Some Euro­peans are more at­tached to notes and coins than oth­ers Fi­nance and eco­nomics Europe’s dis­ap­pear­ing cash

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Some Euro­peans are more at­tached to notes and coins than oth­ers

ONLY tourists pay in cash, says the young barista in Espresso House, a Swedish cof­fee chain, on Vasagatan in Stockholm. “They don’t un­der­stand we don’t use that any­more,” she rolls her eyes, ges­tur­ing to the card ma­chine. The con­tact­less “taps” that lo­cals use are much faster, and she fre­quently runs out of change when for­eign­ers bring large-de­nom­i­na­tion notes, fresh from the ATM.

Swedes rarely han­dle cash; the vol­ume of card pay­ments has in­creased ten­fold since 2000 and only one in five pay­ments—5-7% if mea­sured by value—are made in cash to­day. In much of north­ern Europe the sit­u­a­tion is sim­i­lar, with “no cash” signs in­creas­ingly pop­ping up in shop win­dows. But travel south or east and a dif­fer­ent pic­ture arises; in Italy 83% of pay­ments are still in cash. Whereas Nor­we­gians made 456 elec­tronic trans­ac­tions per per­son last year, Ital­ians made only 67 and Ro­ma­ni­ans 17, ac­cord­ing to the Bos­ton Con­sult­ing Group. Most sur­pris­ing is Ger­many’s re­luc­tance to dis­pense with “real money”. Over three-quar­ters of Ger­man pay­ments are still made in cash and “cash only” signs are not that un­com­mon.

As coun­tries be­come richer, they tend to move away from cash on grounds of se­cu­rity, con­ve­nience and cost. Con­sumers may think that cash is free but for banks and re­tail­ers it is not; it needs to be counted, bun­dled, trans­ported, cleaned, re­placed, checked for forgery, stored and guarded. Around 0.5-1% of GDP a year is spent on man­ag­ing cash. More­over, in a new book, “The Curse of Cash”, the econ­o­mist Ken­neth Ro­goff ar­gues that cash in the rich world aids tax eva­sion and other il­le­gal ac­tiv­i­ties, and that mone­tary pol­icy would be more ef­fec­tive in a cash­less world. Yet some Euro­peans are far more re­luc­tant to aban­don pa­per and cop­per than oth­ers.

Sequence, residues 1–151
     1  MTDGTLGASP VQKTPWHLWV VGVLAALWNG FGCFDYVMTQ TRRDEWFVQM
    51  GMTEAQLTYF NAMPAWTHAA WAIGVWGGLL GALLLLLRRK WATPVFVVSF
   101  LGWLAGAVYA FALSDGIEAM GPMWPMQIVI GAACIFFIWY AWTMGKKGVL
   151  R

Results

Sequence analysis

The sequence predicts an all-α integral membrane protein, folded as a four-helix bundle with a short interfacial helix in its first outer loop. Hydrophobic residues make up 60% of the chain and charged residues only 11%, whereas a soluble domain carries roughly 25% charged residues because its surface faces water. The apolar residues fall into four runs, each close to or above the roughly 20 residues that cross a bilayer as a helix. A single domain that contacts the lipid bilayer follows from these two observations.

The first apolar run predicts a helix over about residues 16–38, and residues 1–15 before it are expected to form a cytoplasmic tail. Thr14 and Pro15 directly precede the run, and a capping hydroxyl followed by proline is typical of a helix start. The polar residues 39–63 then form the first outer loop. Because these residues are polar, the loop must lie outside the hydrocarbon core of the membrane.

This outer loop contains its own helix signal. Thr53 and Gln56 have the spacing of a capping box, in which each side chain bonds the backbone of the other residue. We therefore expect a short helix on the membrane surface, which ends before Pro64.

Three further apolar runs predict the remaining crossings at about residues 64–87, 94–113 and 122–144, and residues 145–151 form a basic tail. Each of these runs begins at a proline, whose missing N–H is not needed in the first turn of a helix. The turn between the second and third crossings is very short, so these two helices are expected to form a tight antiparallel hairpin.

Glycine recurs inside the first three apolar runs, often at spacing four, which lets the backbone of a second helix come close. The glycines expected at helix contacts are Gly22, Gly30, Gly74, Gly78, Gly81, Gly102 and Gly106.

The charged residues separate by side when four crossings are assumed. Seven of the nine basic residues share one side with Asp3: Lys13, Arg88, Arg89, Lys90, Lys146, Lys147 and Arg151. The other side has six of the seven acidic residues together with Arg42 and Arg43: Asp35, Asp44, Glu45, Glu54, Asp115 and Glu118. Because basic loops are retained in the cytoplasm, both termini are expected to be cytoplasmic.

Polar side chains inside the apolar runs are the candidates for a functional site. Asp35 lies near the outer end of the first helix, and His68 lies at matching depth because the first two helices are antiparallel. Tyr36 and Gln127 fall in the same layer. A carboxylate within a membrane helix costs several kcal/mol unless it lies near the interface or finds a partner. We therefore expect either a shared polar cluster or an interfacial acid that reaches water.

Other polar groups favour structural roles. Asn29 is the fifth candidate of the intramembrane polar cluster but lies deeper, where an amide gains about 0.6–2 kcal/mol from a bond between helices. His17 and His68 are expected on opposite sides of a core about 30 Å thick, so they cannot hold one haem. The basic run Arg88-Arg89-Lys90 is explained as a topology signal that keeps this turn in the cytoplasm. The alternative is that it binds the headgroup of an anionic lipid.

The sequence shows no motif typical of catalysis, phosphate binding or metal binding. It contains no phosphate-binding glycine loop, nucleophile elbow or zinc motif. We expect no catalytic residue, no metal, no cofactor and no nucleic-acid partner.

In the Benelux and Scandinavian coun­tries, banks were early pro­mot­ers of elec­tronic pay­ments and made it eas­ier (and cheaper) for cus­tomers to use cards. In thinly pop­u­lated Swe­den and Nor­way, main­tain­ing a large branch and ATM net­work is costly; Swed­bank, Swe­den’s largest re­tail bank, has only eight branches that han­dle cash. Banks also helped to de­velop mo­bile-pay­ment tech­nolo­gies, such as Mo­bilePay in Den­mark, an app now used on nine out of ten Dan­ish smart­phones.

Yet in Ger­many and much of the south and east, banks have been less proac­tive. Ger­man banks have been much slower to pro­mote elec­tronic and card pay­ments. In Italy rel­a­tively few peo­ple have bank cards and those who do use them in­fre­quently (25 trans­ac­tions per debit card per year, com­pared with 114 in France). This is partly be­cause Ital­ian mer­chants dis­like cards, as banks have tended to charge high fees. To iron out dif­fer­ences be­tween coun­tries, in De­cem­ber 2015 the Euro­pean Com­mis­sion capped in­ter­change fees at 0.2% per debit-card trans­ac­tion and 0.3% for credit cards.